Tuesday, August 6, 2013

Living in Atlanta

Back in June we packed up all our belongings and headed East to Atlanta.  We've been here about a month and are feeling pretty settled.  We made sure we were here and ready to unpack the first week of July so that we would be really settled before Charles started his new job.  And while it was a lot of work those first couple weeks it is so nice to feel like we are settled in and living in our new home.  Once we finished unpacking we spent a week in Wyoming with the Watson family and the Schmidt family to celebrate Charles' parents birthdays.  It was so much fun - another post on that will be coming shortly.  Charles started work this week and I am in the early stages of the job hunt.  If you have any job leads/ideas/tips for me, please share!

I know many of you have been asking for pictures of our new home - so here they are:

Front of the house

Living room from front door, and Lola

View of living room from dining room

Dining Room


Master Bedroom from doorway

Master bedroom looking out

Hall/Master bath

Guest room (ready for visitors!)

Guest bedroom/office area

Guest bathroom

Backyard deck
Hopefully I will be posting a little more regularly again.  I hope.

Tuesday, June 4, 2013

quick update

It's been quite awhile since I've posted.  I know my last post was about posting recipes, but when it actually comes time to get my camera out while cooking it never seems like a good idea.  Usually when I'm making dinner I'm tired after a long day of work and the gym and the last thing I want to do is take the time to take photos after chopping and dicing and boiling and baking.  So, none of those posts have materialized.  I will say though that I have enjoyed being back in the kitchen these last few months, it was definitely something I missed while on our trip.

The main reason I haven't written though is because we have been extremely busy.  I went back to work a few days after that last post and it seems that working full time and keeping up with the blog is not my strong suit.

But, we do have some very exciting things going on....

First, Charles is having an art show on Saturday here in Houston.  It is a collection of paintings done while on our trip and over the past few months in the studio.  I am biased, I know, but they are BEAUTIFUL!  If you are in Houston and don't have anything going on Saturday night I hope you can come to the show!  I am so proud of all his hard work and am amazed by the artistic talent he has poured into these pieces.  I can't wait!  If you need info about the show you can find it on his website, www.charleswatson.com, or if you can't make it to the show check the website on Monday or Tuesday and all of the new work will be posted.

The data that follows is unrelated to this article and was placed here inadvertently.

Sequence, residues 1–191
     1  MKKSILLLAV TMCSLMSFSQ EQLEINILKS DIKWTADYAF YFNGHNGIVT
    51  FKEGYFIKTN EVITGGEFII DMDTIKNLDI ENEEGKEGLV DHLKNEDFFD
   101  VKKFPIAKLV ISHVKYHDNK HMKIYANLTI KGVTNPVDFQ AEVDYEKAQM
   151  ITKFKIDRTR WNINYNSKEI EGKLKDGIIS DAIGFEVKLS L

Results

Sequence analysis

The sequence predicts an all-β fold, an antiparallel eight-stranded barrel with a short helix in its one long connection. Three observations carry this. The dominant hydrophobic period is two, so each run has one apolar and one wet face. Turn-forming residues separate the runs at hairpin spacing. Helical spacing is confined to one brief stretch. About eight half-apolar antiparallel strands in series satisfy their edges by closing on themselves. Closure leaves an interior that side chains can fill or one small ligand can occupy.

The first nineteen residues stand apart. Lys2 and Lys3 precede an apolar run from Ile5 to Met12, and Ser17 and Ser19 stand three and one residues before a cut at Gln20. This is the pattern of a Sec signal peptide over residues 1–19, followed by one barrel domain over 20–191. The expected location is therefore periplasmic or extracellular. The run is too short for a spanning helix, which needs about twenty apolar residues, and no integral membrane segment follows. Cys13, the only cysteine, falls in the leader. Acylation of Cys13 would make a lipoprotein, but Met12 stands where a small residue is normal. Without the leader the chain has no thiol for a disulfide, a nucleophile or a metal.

Second, we are moving to Atlanta!  Charles has accepted a teaching position there, so shortly after the show we will be packing up all our stuff (and there is a lot of it I've realized this week) and heading to Atlanta.  I must admit I will be sad to leave Texas, but I'm very happy about this next step in our lives.  We have some great friends in Atlanta already and I look forward to making some new ones as well.

In the meantime we plan to spend a lot of time enjoying time with our friends in Houston, enjoying a few more beautiful sunsets from our balcony, and eating as much Mexican food as possible.

Friday, February 15, 2013

Fitness and Food

I guess it doesn't really make a whole lot of sense that I am going to be talking about exercise and eating in one post, but it's where my mind is at the moment, so that's what I'm doing.

I am in need of something to focus on post trip and so I have decided to create two goals for myself. 

The first is to work-out/exercise 4-5 days per week.  This will be easy for now, but I'm sure it will be much harder when I start working again in a few weeks.  I'm going to figure out a schedule in the next couple days and I'm hoping that will help me stick with it.

The second has to do a little with our trip and a little with my love for food and cooking.  On our trip there was a dish in each country that jolted my tastebuds and left me craving more.  Here are a few of my favorite food photos from our trip:
Fish & Chips in New Zealand
Panzerotti at Luini in Milan
Svickova in Prague - delicious!
Ottoman dish with eggplant in Istanbul

Street noodles Bangkok
Khmer Vegetable Amok in Cambodia
Wearing my apron at my cooking class in Hanoi Vietnam